Indeed, CBs have received positive feedback for the dynamic dissemination of various information, services, or narrative content (textual and multimedia), which has made possible to integrate and adapt them to the users’ needs and dynamic behavior, rarely raising questions on the respect of the users’ privacy [1, 11, 31]. Another highly appreciated advantage is a short time required to perform sophisticated analysis. Enabling a prompt understanding of the customer requirements can enable prompt predictions and more accurate replies and overall interactions [29]. Finally, chatbots provide tangible financial benefits. For example, savings employees’ time from tedious and repetitive tasks [21] –therefore contributing to reduce personnel demand and staff workload [12, 27]–, automatizing the advertising activities, recording growth in sales, and, overall, increasing the brand’s value [27].

SRQ11: Drawbacks The limitations elicited from the primary studies can be grouped into 3 categories (i.e., user-, provider- and system-related). Concerning the providers, small businesses have significant difficulties in fitting the design, development, and maintenance of CB into their business plan. Hence, as mentioned above, costs can start from $30,000 and up to $150,000 if more complex analysis and integration with third-party services are required [19, 27, 32]. A given chatbot could be the only way to contact the service provider, representing the single point of failure of the communication, raising frustration and delusion in the user.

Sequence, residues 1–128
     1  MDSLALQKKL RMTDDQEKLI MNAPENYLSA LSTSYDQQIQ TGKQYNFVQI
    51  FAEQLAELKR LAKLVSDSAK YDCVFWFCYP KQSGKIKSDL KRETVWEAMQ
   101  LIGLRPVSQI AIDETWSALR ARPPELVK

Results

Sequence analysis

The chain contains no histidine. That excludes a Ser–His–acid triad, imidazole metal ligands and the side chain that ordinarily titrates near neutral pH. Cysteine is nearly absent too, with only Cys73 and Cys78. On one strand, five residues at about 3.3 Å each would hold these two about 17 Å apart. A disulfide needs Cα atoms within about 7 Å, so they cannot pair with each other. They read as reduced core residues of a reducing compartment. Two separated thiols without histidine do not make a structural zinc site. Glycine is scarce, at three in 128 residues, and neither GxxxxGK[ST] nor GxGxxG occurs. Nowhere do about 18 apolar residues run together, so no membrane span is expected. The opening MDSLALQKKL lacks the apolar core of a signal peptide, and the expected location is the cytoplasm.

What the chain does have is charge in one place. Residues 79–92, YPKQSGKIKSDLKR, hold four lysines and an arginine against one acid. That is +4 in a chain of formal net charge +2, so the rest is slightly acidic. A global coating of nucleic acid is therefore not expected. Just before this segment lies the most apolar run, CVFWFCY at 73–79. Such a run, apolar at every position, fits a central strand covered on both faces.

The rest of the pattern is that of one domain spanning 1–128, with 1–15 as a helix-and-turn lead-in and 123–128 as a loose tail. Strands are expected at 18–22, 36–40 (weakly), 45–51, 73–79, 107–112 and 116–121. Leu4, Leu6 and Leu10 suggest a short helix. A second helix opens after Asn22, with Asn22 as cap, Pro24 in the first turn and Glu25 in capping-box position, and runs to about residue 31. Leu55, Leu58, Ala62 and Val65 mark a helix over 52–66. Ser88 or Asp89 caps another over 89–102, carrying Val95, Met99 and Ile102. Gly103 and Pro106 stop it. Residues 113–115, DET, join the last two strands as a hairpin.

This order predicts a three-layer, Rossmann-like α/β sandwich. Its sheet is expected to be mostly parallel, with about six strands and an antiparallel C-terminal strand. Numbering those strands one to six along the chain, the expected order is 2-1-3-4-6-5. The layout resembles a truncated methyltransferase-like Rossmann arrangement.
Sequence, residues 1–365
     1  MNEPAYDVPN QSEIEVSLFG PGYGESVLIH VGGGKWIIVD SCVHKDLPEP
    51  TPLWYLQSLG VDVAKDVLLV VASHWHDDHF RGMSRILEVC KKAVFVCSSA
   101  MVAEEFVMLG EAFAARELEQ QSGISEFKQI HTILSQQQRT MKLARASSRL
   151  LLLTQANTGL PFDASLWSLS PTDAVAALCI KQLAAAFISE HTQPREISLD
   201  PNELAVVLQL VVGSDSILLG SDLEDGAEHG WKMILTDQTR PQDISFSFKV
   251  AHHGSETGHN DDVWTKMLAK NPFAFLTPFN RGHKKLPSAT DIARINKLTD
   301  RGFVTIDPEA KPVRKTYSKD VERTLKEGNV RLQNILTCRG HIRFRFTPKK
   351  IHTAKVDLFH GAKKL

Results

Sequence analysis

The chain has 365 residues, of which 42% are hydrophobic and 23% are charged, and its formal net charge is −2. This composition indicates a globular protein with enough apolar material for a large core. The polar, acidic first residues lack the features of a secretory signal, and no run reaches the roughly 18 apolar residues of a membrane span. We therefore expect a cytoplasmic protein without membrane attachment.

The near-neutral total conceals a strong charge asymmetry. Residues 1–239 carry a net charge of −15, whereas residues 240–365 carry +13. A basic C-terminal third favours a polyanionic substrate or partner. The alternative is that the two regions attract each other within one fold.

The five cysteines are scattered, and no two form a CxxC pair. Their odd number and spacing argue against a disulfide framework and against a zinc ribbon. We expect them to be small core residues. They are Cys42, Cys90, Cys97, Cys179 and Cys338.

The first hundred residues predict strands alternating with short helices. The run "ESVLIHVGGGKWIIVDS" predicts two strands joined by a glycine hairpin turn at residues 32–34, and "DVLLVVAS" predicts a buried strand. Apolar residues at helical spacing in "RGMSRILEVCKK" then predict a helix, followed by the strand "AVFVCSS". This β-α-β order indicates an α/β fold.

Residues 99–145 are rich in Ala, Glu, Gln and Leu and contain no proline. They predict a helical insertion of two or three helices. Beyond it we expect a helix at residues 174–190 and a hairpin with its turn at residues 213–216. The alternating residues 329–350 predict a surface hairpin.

Concerning the chatbot limitations, the incapability of processing complex information, providing scattered and artificial/unnatural interactions, looping on inappropriate suggestions, and the difficulty to interpret (in)satisfaction (e.g., sarcasm) still foster reluctance on the employment of these technologies [4]. The users might also need to share private information about their complaints or financial situation (considered sensitive), which raises the fear of having them compromised or, if possibly misinterpreted, misused [4]. Moreover, current chatbots have been criticized for the lack of creativity, involvement, and personal touch, especially in the case of misinterpretations of a request [3, 4]. Therefore, it is a common belief that chatbots will still have to rely on human intervention/supervision [19]. Finally, in certain circumstances, chatbots can be perceived as threats: either from the “powerless” misunderstood user or the service provider employees (i.e., help-desk) who see their work positions endangered [4, 29].

SRQ12: Open Challenges As for the advantages, the open challenges are mainly provider-, user-, and system-related. Within the dynamics of a chatbot, the human user plays a crucial role. Nevertheless, chatbots still struggle with lexical and semantic ambiguity [37]. Therefore, the most impelling challenges are user-related. For example, aligning the CB with the user’s perspective, prevent user’s uncertainty and resistance [4], determining the user’s perception via NLP[9], promote clarity and wording to match or compensate the users’ feelings [29], pace the conversation –choosing number and length of the words– (e.g., longer words are more calming and associated with positive emotions) [29], and avoiding annoying repetitions [37]. However, humans’ change their communication style when interacting with chatbots [29]. Thus, to understand to which extent a designer should chase the human-like feeling rather then a more clear/structured interaction is still an open question [26].